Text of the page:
One of the biggest complaints about Social Media is how difficult it is to scale. Sure, your Twitter feed may have a thousand followers, but aren’t those people likely to already be in your brand’s camp? And what exactly do you do with them, besides, you know, be social about your brand and stuff? It’s way too micro, too one-to-one. It’s simply not scalable unless you happen to be that allegorical advertiser with a million monkeys typing on a million socially-networked Dell computers…
Unfortunately, those big, whomping audiences are increasingly rare in today’s hyper-proliferated media world. People simply don’t gather in one place anymore. But they’re doing that right now. And they did it last Sunday. The Winter Olympics and the recent Super Bowl have drawn huge television audiences. One reason for this resurgence in the most traditional of mediums? Social media.
In an article for Advertising Age, John Rash posits that one of the reasons why the Vancouver Olympics are drawing an audience that’s 25% larger than four years ago in Turin could be the effect of tweets and Facebook updates. The “I got it first” nature of so many social network messages, particularly when they concern an event or a personality, can actually drive larger audiences to the television. Given a reminder, lots of us would like to catch a glimpse of Lindsey Vonn’s downhill gold or Shaun White’s latest halfpipe innovation, thus re-aggregating an audience around specific events. And it is better watching it on television, particularly if you have one of those HD big screens that had such huge price drops last Holiday season.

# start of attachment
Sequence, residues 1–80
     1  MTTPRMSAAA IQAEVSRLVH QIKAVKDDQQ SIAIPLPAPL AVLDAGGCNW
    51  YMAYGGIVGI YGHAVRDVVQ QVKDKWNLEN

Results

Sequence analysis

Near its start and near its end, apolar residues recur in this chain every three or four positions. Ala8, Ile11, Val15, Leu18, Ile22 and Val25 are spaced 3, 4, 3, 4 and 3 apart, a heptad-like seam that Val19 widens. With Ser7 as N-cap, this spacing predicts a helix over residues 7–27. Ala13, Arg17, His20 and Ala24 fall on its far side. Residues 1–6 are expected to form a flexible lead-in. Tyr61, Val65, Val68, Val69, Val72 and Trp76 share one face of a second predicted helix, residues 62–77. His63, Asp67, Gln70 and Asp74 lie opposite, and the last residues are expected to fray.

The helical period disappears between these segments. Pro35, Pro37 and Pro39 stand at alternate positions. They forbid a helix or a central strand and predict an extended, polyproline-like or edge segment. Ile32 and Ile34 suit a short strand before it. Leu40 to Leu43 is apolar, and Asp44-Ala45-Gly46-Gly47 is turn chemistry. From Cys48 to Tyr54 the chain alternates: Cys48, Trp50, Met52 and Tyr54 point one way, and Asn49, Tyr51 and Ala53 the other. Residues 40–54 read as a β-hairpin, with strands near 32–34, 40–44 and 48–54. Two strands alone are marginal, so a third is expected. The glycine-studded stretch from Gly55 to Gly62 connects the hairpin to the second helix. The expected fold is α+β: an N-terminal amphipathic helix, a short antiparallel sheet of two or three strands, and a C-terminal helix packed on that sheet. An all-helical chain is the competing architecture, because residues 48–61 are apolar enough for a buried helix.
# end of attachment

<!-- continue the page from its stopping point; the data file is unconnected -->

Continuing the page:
Events like the Super Bowl or the Olympics get everyone talking, but most advertisers don’t need everyone; they just need large like-minded groups. Integrating and encouraging messages on social media that drive traffic to television events large or small can clearly serve that purpose.
Media scalability is still very much possible. Chances are, you’ve been experiencing it personally these past few weeks. It’s not about any one medium; it’s about integrating multiple mediums.
Want to aggregate an audience? Aggregate your media messages.
By Dennis Ryan, CCO, Element 79